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April 14, 2009

In style and substance, Parks photocopies Office’s approach

What do you call a spin-off that’s not a spin-off?

This isn’t the lead up to a joke; it’s a genuine question. Because after watching The Office’s new pseudo-spin-off—that’s what I’ll call it—I was left wondering where the line between spin-off and non-spin-off is drawn.

Parks and Recreation, which premiered Thursday on NBC, stars Amy Poehler as Leslie Knope, an insecure, delusional bureaucrat working at the Parks and Recreation Department of a fictional Indiana town. The show was co-created by Greg Daniels and Michael Schur (Ken Tremendous of the erstwhile blog “Fire Joe Morgan”), both of whom were writers for The Office.

In fact, The Office’s fingerprints are all over Parks and Recreation, and no one has bothered to wipe them off. Both shows are shot in the “mockumentary” style, a good, but perhaps slightly stale, technique. More problematic are the shows’ similar messages: Oh, how depressing office life is! How we delude ourselves about our own importance! The little things that get us through the day! These themes pervade The Office, as well as the first episode of Parks. We don’t need a show that makes the exact same points as the one that precedes it.

The first episode of Parks involves Knope trying to convince her boss to allow her to build a new park on the site of a construction pit. Rashida Jones (Karen from The Office) plays a nurse whose boyfriend broke his legs falling in said construction pit; he’s a charmless loser and “musician.” Knope’s supervisor is a libertarian who doesn’t believe in public parks (a Michael Moore at an NRA convention, if you will). We also meet a couple of her colleagues, one of whom is a love-interest, the other a weirdo creeper.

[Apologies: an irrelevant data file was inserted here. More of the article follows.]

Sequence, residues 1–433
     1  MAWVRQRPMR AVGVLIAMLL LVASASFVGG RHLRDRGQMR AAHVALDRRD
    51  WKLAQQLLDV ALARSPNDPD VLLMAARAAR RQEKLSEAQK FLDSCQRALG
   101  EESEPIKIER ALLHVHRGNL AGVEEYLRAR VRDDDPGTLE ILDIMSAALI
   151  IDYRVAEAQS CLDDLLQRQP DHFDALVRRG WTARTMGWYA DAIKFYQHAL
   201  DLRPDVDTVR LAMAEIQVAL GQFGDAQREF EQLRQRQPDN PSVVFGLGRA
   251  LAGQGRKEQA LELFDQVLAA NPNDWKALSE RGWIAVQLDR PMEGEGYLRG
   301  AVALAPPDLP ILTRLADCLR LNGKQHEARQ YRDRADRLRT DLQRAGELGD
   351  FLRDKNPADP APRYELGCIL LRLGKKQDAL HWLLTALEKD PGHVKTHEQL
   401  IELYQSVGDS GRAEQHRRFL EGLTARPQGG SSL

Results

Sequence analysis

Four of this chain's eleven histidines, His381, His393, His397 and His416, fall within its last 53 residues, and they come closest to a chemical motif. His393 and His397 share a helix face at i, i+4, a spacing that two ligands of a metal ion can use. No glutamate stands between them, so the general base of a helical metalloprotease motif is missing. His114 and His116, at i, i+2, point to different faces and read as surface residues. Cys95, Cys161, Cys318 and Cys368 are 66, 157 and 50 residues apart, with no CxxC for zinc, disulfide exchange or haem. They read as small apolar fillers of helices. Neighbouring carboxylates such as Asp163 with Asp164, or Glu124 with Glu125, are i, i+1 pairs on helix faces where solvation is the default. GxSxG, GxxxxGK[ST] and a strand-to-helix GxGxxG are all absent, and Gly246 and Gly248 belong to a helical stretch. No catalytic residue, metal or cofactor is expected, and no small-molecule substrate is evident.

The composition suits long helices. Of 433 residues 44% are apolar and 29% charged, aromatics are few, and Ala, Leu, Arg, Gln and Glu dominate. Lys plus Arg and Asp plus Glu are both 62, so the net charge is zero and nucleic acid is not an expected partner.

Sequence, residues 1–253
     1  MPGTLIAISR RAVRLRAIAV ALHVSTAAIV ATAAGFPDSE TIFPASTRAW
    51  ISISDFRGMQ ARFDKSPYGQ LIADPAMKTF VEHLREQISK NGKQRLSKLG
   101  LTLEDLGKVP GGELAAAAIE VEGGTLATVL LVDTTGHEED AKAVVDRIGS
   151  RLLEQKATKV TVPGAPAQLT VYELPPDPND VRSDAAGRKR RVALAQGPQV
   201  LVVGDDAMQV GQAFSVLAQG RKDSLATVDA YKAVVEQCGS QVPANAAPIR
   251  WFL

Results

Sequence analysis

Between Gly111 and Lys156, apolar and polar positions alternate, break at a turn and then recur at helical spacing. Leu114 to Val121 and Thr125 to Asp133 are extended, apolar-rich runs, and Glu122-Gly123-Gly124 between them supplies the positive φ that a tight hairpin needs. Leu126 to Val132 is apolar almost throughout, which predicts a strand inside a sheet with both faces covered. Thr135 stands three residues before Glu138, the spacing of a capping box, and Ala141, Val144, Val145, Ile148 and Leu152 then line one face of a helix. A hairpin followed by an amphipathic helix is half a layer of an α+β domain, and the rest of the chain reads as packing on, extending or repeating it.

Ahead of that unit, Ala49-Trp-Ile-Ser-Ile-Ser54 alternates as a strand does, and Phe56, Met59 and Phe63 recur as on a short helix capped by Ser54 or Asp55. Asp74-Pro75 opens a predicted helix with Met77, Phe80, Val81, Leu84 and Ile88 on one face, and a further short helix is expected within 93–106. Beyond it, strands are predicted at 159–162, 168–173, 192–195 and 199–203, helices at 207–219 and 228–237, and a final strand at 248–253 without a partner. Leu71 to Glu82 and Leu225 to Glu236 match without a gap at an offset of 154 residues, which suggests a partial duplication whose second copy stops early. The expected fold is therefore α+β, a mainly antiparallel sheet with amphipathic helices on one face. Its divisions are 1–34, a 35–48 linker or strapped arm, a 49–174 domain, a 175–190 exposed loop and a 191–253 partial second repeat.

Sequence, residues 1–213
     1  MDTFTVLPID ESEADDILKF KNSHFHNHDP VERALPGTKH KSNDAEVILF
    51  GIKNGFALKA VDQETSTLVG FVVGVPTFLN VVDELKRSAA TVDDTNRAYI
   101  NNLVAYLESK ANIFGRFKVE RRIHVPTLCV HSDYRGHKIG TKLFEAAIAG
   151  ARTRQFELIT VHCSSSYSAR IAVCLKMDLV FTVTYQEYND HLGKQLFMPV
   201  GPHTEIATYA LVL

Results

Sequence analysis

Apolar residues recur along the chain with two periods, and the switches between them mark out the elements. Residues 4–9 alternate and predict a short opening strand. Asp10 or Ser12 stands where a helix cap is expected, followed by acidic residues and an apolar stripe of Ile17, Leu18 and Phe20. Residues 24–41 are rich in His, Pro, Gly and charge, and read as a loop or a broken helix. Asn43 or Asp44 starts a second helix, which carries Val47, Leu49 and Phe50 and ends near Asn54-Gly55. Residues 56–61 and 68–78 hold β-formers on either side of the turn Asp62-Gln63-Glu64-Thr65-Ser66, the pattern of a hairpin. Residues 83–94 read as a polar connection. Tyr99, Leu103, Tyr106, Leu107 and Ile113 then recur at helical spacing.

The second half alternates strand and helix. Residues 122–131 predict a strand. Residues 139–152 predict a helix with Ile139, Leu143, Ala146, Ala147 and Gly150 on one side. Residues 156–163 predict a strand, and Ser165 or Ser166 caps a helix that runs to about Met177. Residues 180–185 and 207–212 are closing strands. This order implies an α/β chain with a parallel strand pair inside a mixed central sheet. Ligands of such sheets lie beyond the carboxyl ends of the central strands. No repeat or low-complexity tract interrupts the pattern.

Needless to say, in a single episode, none of these secondary characters are all that developed, but I left the first episode open to getting to know them. Unfortunately, Poehler herself is a retread of Steve Carrell’s character Michael Scott, the boss in The Office (as well as Lisa Kudrow’s character in the HBO flop The Comeback, on which Schur was a writer). Knope is petulant, petty, obvious, insecure, delusional, and—finally—pathetic.

It works for Carrell because of a supporting cast that is so likable and aware, as is the audience, of his ridiculousness. In Parks, however, none of the characters are likable. They’re creepy, or manipulative, or lazy, or apathetic. In a vacuum, each one is quite funny; together, they’re a depressing bunch. Even Jones’ character—who I’m guessing is supposed to be the normal, relatable one—brings only apathy and exhaustion to the table, though she is effective as the straight man in her and Poehler’s comedy duo.

Daniels and Schur are clearly talented writers. Parks is quite hilarious, funnier even than The Office is now. I’ve already set my DVR on a series recording, and I’m excited to see where it will go. But the writers would do well to remember an important truth in television: For a show to be watchable, characters have to be likable—at least some of them, and at least occasionally.